14. Here we are, a decade and more down the line, and believe it or not, the work on the Compton Co., still continues unabated. How time flies! I think it might be fair to suggest that I now have all the information at my fingertips, and writing has not only started, but has now reached in excess of 100 pages. I'm not sure I could call myself an historian; more a forensic scientist! The great difficulty has been to verify everything in an unusual way, which for the most part, involves secondary rather than primary sources; sifting through evidence, anecdotes, known facts, specific instruments, exisiting instruments and a mass of minor details. The research and forensic thread has now been running for over twelve years, but it's now coming together. A few random points of interest, which may be of considerable interest to such as Dr Colin Pykett. Having ploughed through a whole virtual encyclopedia of material, I learned something very interesting about the development of the Compton organ style. It was only partially the work of John Compton, who was really the experimental, tonal genius behind it all. Obviously, he knew about organ-building, and so too did Jimmy Taylor, but the REAL mastermind was Albery Henry Midgley, whom I've mentioned before. The discovery of his papers sheds a fascinating light on a fascinating age, when technologists learned their craft the hard way, in the world of work. That is as much a statement of the age as anything, and in the case of A H Midgley, it turns out that he was born in Huddersfield, where his father was a draper and importer of drapery products.A H Midgley showed an early interest in all things electrical and engineering, and went to what was the Bradford Technical school, having won a scholarship to study there. He was an outstanding pupil apparently; winning many awards on the way. After leaving school, probably around the age of 15 (I would have to check), he started working for an electrical contractor in Bradford, and then moved to London, where he worked in air-conditioning and air-extraction for a well established firm in the Southwark area. From the start, he was inventive and seriously ambitious; so much so, that he was soon establishing his own business and importing tings from Germany. Within perhaps a decade (I haven't the exact dates to hand) he was a founding director of the C A Vanderwell company, serving the needs of the growing automobile industry, and for anyone who knows about vehicles from that age (Cecil Clutton would have known!) the Vanderwell family were the main suppliers of a vast range of automobile equipment. C A Vanderwell became a huge concern in the Acton area; employing thousands of people in due course. It was eventually taken over, to form the nucleus of Lucas Industries, with manufacturing facilities spread across the UK. An organist and organ enthusiast, as well as a seriously gifted engineer and electrical engineer, it seems that there was some sort of row during the Lucas takeover, and by then Technical Director at C A Vanderville, he resigned the board and went his own way. Clearly a man to seek out, it wasn't long before Midgley joined the Compton board and acted as Technical Director, and at this point, it was he who put his mind to developing the control systems of the extension organ, which included both cinema theatre-organs and their more classical counterparts, even though they shared a great deal between them. Not only that, he brought the expertise of modern industry to bear, and caused outrage among organ-builders, by adopting mass production techniques and introducing more modern materials such as Bakelite. In his spare time, Midgley was designing bomb fuses, which he later specialised in after resigning from the Compton firm. The new venture was called Midgley-Harmer Ltd., and whilst the jury is still out as to whether he invented the delay fuses for the bouncing bomb, he certainly was responsible for the fuses of other epic pieces of military fireworks, such as the Tallboy bomb. To add to the intrigue, Midgley went, in a very limited period of time, from humble servant to highly respected inventor, and in material terms, from a terraced house in Huddersfield, to large, detached properties in London. It was in one of these that his first 100 stop house organ was installed; built by the Compton company of course. That first instrument was superceded by a second instrument, and the first one was to become the still extant organ of St Luke's, Chelsea. Add to all this the tonal genius of Compton, the electronics genius Leslie Bourn, the genius of Jimmy Taylor and the financial genius of the industrialist J Martin-White (one time president of the Organ Club) and what Compton's had was a dream team of incredibly multi-talented and highly capable people. What a hot-house of ideas that must have been. So, we plough onwards and upwards, still gathering information, but more importantly, making sense of what I have got, in such a way that the information is verified as true and reliable. MM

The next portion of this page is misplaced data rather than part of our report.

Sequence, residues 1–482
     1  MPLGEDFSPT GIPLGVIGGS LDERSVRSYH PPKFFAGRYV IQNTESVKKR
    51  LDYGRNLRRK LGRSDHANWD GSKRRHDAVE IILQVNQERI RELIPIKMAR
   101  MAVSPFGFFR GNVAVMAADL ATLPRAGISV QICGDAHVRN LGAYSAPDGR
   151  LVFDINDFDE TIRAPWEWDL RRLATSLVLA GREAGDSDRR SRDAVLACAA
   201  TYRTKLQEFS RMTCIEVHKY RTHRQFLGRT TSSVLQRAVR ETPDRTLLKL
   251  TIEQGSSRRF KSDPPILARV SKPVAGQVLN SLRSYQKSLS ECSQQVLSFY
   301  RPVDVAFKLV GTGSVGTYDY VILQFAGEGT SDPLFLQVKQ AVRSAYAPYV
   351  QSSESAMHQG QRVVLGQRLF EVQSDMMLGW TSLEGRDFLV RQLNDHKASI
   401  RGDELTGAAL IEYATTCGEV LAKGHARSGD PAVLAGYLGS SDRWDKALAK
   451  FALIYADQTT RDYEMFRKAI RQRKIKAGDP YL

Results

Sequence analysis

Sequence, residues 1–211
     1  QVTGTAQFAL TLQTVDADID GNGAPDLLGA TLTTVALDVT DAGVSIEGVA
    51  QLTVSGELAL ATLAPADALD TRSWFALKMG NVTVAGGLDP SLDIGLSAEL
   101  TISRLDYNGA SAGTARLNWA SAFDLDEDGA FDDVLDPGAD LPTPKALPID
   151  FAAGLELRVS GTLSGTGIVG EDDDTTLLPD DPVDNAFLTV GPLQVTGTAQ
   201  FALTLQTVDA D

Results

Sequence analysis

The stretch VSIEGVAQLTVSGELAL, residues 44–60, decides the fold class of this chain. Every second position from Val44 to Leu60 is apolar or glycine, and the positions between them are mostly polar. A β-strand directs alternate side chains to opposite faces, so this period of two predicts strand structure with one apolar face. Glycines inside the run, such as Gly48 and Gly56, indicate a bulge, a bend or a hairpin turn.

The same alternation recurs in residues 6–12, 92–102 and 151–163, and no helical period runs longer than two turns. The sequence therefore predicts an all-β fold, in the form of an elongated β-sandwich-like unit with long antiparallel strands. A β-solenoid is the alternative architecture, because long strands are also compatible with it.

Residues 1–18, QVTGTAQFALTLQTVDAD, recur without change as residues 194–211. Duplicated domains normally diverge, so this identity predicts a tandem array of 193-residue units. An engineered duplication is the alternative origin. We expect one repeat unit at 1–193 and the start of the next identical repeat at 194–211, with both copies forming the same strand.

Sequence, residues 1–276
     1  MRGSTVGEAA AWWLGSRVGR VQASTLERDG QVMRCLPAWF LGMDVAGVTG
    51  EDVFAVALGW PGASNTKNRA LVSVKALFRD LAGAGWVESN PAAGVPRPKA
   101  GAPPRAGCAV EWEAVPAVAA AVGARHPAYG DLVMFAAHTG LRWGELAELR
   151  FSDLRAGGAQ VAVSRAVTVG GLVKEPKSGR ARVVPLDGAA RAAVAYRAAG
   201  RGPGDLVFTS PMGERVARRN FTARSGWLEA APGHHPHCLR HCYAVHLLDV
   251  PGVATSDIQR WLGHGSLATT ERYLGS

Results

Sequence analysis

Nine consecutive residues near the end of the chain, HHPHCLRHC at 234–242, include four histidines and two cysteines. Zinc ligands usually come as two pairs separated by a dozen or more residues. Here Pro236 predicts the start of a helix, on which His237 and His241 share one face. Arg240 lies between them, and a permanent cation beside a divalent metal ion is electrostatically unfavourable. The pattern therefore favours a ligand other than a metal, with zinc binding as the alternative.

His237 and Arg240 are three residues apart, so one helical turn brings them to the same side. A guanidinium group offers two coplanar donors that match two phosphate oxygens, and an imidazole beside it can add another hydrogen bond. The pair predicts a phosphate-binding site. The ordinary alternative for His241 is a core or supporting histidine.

15. If you do not already know, a certain Johann Sebastian Bach stayed in this hotel while accompanying his employer, Prince Leopold. and wile he was there, his first wife died in 1720. I do a talk about Eastern Europe, and the influence of Bach on Bohemian music is considerable; so much so, that while the classical style (typified by Moazrt) was in full swing, the organist/composer Josef Ferdinan Seger (who was 6 when Bach died), was still writing in baroque style until around 1790. (So much for the accuracy of history books). I'm not sure if it wasn't Karlovy Vary where Bach arrived with a clever fold-up harpsichord.